Volume 66, Issue 1 p. 23-29

Assessment of Risk for Periodontal Disease. II. Risk Indicators for Alveolar Bone Loss

First published: 01 January 1995
Citations: 554
Send reprint requests to: Dr. Sara G. Grossi, Periodontal Disease Research Center, Department of Oral Biology, 3435 Main Street, Foster Hall, Buffalo, NY 14214.
Periodontal Disease Research Center, Department of Oral Biology, School of Dental Medicine, State University of New York at Buffalo, Buffalo, NY.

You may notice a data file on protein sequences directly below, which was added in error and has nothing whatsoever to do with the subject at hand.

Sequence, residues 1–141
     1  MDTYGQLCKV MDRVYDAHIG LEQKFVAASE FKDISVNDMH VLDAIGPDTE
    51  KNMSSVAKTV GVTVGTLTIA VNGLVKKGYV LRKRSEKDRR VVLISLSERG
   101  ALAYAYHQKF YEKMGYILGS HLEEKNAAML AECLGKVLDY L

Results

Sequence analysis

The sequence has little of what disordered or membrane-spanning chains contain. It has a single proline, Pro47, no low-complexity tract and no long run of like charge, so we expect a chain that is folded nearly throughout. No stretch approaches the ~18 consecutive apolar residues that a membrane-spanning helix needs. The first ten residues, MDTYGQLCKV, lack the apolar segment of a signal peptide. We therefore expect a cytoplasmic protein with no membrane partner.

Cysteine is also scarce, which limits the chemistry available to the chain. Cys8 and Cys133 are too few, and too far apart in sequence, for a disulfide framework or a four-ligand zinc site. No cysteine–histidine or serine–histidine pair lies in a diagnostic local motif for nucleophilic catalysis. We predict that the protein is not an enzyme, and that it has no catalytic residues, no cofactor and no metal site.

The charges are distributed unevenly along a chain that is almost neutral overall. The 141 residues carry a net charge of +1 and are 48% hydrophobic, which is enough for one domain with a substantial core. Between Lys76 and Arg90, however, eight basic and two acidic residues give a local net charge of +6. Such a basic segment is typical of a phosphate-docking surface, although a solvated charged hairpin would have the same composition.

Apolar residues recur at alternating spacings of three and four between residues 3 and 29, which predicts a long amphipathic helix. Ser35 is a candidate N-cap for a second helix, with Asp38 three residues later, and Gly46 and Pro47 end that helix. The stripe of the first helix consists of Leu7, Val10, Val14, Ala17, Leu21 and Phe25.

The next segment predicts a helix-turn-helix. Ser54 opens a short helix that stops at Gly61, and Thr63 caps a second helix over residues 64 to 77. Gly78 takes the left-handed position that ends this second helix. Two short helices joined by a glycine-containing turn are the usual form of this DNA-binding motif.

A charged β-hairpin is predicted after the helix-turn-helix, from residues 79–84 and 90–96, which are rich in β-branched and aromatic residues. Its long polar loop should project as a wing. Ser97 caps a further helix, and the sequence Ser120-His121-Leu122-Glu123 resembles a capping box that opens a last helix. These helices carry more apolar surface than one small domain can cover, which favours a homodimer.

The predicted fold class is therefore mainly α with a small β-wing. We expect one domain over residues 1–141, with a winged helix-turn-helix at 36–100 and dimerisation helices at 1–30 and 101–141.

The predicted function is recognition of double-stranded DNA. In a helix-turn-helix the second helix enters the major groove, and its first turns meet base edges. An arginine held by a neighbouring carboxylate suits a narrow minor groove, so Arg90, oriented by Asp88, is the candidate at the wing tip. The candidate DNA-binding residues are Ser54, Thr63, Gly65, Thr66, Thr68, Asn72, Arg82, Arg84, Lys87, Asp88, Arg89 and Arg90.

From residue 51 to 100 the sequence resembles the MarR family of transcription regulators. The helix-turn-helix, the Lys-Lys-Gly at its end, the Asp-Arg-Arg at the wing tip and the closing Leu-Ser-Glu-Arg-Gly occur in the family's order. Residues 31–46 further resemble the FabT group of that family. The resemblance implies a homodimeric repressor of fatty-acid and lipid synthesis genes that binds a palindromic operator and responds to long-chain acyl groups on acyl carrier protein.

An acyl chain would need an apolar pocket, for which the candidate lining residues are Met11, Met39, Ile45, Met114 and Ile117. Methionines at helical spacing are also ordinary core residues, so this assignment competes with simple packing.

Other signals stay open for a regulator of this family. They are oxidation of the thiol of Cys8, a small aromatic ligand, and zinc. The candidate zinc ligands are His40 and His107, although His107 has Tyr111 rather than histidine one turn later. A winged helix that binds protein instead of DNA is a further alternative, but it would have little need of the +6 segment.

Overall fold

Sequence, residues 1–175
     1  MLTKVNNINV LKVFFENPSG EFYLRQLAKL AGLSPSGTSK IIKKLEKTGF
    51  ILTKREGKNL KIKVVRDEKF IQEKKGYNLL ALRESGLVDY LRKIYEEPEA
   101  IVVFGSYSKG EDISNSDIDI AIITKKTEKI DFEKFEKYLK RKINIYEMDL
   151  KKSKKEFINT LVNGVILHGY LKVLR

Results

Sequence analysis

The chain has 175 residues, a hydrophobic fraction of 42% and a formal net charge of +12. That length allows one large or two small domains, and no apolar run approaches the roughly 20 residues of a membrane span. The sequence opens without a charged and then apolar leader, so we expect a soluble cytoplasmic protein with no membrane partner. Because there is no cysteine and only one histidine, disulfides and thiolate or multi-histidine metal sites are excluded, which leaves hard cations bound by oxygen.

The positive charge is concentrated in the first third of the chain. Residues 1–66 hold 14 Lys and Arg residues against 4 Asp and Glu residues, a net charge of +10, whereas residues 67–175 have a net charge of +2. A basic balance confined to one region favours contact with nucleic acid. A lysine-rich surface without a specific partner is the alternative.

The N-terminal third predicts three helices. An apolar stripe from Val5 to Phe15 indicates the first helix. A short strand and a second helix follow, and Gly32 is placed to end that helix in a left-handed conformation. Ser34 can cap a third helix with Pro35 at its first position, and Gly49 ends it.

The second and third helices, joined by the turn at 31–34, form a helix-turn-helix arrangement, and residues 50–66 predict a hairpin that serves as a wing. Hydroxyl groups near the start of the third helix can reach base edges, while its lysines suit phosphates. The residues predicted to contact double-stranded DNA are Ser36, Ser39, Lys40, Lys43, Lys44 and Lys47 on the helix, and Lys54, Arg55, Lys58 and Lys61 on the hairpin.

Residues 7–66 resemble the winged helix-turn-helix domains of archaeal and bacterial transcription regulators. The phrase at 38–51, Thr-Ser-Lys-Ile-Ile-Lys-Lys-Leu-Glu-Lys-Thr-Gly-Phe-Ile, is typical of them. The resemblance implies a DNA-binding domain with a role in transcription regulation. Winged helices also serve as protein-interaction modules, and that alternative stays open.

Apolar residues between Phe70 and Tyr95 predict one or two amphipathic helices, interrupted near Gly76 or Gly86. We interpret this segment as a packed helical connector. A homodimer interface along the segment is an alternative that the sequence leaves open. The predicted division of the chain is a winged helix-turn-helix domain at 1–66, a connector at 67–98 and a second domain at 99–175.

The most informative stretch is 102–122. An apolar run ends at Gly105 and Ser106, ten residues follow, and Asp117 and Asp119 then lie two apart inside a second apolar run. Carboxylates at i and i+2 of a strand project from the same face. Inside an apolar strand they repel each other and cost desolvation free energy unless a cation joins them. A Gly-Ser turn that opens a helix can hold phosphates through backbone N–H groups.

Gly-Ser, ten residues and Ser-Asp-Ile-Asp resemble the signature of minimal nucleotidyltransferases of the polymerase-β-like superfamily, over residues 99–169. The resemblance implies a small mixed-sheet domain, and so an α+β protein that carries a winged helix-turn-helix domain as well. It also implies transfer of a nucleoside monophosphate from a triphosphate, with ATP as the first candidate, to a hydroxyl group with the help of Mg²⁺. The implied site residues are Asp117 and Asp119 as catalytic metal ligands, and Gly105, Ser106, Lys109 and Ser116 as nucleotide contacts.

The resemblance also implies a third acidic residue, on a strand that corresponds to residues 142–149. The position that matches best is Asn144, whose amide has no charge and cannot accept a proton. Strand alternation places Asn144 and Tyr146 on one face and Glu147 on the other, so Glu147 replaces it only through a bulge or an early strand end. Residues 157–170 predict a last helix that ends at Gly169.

This study examined the risk indicators for alveolar bone loss associated with periodontal infection. A cross-section of 1,361 subjects aged 25 to 74 years, from Erie County, NY were evaluated for interproximal alveolar bone loss and potential explanatory variables including age, gender, history of systemic diseases, smoking, and presence of 8 subgingival bacteria. Interproximal alveolar bone loss was measured from the alveolar crest to the CEJ and a mean computed for each subject. The mean bone loss per subject (BL) ranged from 0.4 to 8.8 mm, and this outcome variable was grouped into 4 ordered categories. The degree of association between the explanatory variables and BL was examined utilizing an ordinal stepwise logistic regression model. Factors which were positively associated with more severe bone loss included subgingival colonization with B. forsythus (O.R. 2.52; 95% CI: 1.98 to 3.17) or P. gingivalis (O.R. 1.73; 95% CI: 1.27 to 2.37), race (Native American, Asian, or Pacific Islanders) with an O.R. 2.40 (95% CI: 1.21 to 4.79), and gender with males having higher odds than females. Smokers had greater odds for more severe bone loss compared to non-smokers ranging from 3.25 (95% CI: 2.33 to 4.54) to 7.28 (95% CI: 5.09 to 10.31) for light and heavy smokers, respectively. Individuals at older ages also showed more severe levels of bone loss. History of kidney disease (O.R. 0.55; 95% CI: 0.35 to 0.89) and history of allergies (O.R. 0.76; 95% CI: 0.59 to 0.98) were inversely associated with severity of bone loss. Severity of alveolar bone loss is associated with increasing age, smoking, race, and colonization with subgingival B. forsythus or P. gingivalis. This and other studies directed to identifying true risk factors associated with periodontal disease may lead to preventive measures directed to reducing the deleterious effects of modifiable risk factors. J Periodonol 1995;66:23–29.